Congressman Kevin Cramer

Representing North Dakota, At Large

Cramer Bill Would Reduce Flaring of Natural Gas

Mar 25, 2014
Press Release

WASHINGTON, D.C. – Today Congressman Kevin Cramer introduced the Natural Gas Gathering Enhancement Act in the U.S. House of Representatives. The legislation would reduce the loss of natural gas due to flaring and venting by expediting permits for pipelines on Federal and Indian land. The companion bill was introduced in the Senate earlier this month by Senators John Hoeven (ND), John Barrasso (WY), and Mike Enzi (WY). 

“Getting more natural gas to market will help power more homes and businesses while increasing North Dakota’s export position,” said Cramer. “This legislation is a prime example of how the federal government can help infrastructure catch up with the pace of development.”

The bill speeds the permitting process for natural gas gathering lines located on federal and Indian land by providing a categorical exclusion under the National Environmental Policy Act (NEPA). The categorical exclusion would not apply to lands within the National Park System, the National Wildlife Refuge System, or the National Wilderness Preservation System and land only within a field or unit which has already undergone environmental analysis under NEPA. The Secretaries of the Interior and Agriculture are then required to issue rights-of-way for lines which meet the categorical exclusion criteria within 30 days, and for all other lines within 60 days.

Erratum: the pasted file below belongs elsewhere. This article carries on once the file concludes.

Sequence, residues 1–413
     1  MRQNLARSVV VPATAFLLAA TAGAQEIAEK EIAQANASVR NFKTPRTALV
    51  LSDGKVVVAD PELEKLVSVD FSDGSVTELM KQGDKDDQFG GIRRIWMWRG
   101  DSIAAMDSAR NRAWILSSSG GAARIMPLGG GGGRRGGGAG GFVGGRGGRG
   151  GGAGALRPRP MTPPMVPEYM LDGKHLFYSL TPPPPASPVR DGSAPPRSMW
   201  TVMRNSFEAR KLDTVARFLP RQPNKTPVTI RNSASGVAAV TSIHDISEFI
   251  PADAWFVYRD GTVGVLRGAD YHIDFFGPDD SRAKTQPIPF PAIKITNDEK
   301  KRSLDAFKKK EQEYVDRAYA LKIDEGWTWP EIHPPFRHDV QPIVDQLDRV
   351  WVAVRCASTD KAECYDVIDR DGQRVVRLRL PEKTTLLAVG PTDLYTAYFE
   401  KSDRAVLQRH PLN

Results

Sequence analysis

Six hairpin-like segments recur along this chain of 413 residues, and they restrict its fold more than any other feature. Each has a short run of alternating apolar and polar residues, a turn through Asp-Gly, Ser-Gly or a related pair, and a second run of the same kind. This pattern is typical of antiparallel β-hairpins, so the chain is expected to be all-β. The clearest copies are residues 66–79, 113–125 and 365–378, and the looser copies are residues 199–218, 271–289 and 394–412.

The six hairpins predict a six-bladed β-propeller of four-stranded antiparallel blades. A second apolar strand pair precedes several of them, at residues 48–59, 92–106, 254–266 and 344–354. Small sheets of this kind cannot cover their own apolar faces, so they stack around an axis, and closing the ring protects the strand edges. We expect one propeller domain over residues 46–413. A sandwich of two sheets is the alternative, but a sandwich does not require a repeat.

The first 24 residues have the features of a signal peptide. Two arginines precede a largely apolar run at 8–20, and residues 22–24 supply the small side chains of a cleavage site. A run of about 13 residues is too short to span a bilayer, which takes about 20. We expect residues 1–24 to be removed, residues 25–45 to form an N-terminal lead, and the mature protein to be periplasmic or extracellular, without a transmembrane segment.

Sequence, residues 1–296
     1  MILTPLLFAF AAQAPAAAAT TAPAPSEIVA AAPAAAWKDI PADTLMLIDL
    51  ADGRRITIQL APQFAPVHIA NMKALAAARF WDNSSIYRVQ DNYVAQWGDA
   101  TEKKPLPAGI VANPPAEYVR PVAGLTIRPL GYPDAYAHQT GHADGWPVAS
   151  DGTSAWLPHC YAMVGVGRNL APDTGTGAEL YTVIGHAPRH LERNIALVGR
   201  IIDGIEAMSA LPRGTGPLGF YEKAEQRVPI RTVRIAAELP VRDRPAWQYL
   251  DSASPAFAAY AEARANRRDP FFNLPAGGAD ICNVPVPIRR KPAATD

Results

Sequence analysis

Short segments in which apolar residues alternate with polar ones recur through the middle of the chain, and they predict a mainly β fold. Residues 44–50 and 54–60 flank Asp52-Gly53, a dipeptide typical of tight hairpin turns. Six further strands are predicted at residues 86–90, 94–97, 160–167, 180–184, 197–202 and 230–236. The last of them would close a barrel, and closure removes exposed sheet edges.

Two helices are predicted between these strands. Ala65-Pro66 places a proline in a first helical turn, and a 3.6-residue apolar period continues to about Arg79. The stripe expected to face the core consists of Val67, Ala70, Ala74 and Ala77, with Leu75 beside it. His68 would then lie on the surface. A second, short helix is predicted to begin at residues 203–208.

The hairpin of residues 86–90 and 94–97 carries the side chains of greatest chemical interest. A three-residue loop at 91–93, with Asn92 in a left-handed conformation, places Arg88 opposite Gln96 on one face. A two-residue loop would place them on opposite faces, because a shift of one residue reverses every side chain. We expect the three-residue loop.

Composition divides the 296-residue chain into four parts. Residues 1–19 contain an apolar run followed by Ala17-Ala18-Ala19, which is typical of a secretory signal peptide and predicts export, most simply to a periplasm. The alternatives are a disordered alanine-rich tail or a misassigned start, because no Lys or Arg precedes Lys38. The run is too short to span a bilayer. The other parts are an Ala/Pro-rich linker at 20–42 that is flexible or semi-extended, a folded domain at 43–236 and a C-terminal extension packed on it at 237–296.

Indian tribes would be given the choice to opt in to the categorical exclusion provisions while States given the choice to opt out. To ensure transparency, the Secretary of the Interior must report to Congress every 180 days on the progress made under the legislation. 

Cramer also cosponsored the Natural Gas Pipeline Permitting Reform Act, which passed the House last November. It would expedite the federal review process for larger natural gas pipeline permit applications by requiring the Federal Energy Regulatory Commission to approve or deny a complete application in 12 months and requiring all relevant agencies to approve or deny their portion of the application within 90 days. Permits would be automatically approved if these deadlines are missed.

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